ORLANDO, Fla – Every year, from Sept. 15 to Oct. 15, Hispanic Heritage Month acknowledges, appreciates, and celebrates Latin and Hispanic cultures, as well as their impact on the United States.
It’s a time when music, cuisine, and rich traditions intertwine. It’s a time to recognize Hispanic culture and the independence days of Spain, Mexico, the Caribbean, and South and Central America.
Despite Hispanics and Latinos making up 20% of the population and Hispanic Heritage Month being a nationwide observance, there is still a lot that people don’t know about it.
“It started back in 1967, ‘68 when a congressman from east L.A. presented a bill to have Hispanic Heritage Week,” said Luis Martinez-Fernandez, a professor of Caribbean history at the University of Central Florida.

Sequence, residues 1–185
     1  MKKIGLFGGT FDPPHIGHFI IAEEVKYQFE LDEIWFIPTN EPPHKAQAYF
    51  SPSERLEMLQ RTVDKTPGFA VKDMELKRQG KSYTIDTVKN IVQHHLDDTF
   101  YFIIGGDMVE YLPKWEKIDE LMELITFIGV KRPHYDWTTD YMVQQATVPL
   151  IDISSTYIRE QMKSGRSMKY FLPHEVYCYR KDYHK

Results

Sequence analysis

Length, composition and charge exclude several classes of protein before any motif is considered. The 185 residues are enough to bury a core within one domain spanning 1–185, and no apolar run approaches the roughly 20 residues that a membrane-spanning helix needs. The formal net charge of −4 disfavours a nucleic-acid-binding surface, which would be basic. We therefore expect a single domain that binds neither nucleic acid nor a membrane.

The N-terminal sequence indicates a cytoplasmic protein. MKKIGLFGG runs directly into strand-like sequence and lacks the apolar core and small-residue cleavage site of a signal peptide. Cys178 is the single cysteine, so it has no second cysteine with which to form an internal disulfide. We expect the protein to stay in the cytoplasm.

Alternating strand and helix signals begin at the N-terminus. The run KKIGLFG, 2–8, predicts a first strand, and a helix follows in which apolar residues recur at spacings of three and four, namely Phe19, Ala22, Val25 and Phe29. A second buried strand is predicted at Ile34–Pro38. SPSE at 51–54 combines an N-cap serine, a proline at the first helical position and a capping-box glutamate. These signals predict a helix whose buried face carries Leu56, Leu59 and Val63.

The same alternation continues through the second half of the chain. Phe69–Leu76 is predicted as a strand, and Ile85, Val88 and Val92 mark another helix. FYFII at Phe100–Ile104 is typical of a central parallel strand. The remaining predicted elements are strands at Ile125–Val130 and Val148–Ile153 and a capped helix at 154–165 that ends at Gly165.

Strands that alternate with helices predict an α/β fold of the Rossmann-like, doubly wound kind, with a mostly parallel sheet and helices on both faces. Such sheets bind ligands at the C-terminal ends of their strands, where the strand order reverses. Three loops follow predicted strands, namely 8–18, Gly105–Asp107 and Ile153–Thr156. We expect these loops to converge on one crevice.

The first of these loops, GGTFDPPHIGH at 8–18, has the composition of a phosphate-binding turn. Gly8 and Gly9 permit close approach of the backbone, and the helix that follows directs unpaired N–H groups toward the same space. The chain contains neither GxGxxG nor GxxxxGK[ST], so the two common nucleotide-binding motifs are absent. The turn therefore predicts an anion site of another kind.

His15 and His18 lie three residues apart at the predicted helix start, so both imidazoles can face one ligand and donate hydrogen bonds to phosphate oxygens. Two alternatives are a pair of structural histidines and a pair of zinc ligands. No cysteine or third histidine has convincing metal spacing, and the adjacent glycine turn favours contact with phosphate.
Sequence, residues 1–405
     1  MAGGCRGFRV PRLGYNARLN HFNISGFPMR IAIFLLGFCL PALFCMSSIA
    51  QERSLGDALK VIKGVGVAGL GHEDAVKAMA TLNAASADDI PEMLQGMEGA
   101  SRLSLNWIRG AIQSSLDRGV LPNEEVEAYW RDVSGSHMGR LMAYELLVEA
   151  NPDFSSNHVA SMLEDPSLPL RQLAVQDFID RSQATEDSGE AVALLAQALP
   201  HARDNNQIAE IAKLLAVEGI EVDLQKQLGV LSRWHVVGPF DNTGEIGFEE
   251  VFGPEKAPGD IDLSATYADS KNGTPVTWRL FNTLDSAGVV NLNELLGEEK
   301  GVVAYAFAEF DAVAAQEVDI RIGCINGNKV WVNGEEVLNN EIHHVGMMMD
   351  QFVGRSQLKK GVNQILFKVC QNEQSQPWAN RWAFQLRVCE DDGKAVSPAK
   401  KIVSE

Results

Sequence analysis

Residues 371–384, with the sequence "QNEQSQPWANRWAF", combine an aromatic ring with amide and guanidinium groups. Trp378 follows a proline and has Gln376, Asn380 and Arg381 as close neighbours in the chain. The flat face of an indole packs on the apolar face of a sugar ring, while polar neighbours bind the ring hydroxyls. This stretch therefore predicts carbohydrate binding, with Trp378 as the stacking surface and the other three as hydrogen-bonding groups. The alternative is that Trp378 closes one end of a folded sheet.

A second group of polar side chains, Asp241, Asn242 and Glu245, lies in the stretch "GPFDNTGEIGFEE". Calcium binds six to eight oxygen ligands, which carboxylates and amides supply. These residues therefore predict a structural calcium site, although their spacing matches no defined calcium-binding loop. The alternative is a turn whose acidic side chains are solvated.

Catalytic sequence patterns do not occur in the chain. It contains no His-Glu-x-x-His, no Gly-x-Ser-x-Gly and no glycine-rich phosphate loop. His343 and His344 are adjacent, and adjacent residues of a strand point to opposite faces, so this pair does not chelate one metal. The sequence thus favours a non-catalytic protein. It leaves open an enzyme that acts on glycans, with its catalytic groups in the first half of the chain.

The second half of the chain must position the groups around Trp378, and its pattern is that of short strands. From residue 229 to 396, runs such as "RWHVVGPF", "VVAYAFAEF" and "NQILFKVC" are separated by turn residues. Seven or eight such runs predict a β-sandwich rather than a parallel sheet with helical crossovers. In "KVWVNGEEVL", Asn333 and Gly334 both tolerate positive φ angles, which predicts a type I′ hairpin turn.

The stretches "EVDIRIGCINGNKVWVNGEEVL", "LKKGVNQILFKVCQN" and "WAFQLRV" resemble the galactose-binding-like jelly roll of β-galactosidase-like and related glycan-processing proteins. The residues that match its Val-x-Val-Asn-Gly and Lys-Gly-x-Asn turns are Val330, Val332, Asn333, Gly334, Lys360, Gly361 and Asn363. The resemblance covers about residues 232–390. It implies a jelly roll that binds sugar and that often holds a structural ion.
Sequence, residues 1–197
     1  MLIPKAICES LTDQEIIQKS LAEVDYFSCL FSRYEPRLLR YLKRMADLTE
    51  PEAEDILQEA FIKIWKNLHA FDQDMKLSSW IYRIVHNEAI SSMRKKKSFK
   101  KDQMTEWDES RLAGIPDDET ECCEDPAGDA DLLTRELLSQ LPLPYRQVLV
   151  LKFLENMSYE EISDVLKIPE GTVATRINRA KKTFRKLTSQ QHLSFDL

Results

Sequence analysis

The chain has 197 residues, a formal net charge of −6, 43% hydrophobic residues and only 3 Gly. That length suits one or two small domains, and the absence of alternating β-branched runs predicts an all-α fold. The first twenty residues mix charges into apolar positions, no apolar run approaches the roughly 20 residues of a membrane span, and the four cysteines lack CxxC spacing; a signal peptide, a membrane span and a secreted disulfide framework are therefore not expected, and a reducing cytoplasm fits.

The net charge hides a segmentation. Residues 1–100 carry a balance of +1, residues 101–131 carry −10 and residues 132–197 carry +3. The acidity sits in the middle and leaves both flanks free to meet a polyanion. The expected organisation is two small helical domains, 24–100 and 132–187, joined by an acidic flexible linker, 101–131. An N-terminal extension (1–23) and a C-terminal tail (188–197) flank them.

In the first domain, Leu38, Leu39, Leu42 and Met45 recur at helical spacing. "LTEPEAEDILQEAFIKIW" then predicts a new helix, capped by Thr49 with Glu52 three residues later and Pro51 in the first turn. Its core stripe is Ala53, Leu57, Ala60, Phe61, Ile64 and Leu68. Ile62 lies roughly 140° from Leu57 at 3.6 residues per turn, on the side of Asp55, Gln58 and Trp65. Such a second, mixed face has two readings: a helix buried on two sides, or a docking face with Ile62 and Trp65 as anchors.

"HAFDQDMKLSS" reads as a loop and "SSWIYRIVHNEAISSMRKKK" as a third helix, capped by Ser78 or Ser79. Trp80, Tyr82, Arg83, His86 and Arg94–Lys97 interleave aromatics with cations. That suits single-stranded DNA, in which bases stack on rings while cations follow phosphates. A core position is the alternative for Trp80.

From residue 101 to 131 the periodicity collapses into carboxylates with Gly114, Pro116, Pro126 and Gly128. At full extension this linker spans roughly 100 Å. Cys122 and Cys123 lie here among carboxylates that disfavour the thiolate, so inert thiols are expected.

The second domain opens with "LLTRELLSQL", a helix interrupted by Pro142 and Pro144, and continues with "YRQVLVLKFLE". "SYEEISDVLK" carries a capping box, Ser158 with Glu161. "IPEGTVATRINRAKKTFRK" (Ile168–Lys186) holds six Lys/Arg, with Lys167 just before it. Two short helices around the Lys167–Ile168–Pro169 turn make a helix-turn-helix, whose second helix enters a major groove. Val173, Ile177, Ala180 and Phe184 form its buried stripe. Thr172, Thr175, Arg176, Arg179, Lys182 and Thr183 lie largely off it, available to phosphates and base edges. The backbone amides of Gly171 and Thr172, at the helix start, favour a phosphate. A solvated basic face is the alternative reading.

So, why does it start Sept. 15 and end Oct. 15?
“The reason for the selection of that date was that some Central American countries gained their independence on Sept. 15 of 1821,” Fernandez explained.
He described ways this time can be celebrated.
“People associate these events with music and dance and food. That’s important, but I always emphasize that we need to look at other cultural manifestations such as poetry and painting,” Fernandez said.
Like renowned painters Pablo Picasso, Salvador Dali, and Frida Kahlo.
In the world of entertainment, Hollywood would not be the same without Antonio Banderas, Penelope Cruz, Rita Moreno, Salma Hayek and Sofia Vergara.
So, let’s celebrate how the Hispanic community continues to shape and enrich our country.
Did you know Spanish is the second most spoken language in the United States? Another fact, according to the minority veterans report by the Department of Veterans Affairs, over 1 million U.S. veteranss are of Hispanic or Latin descent.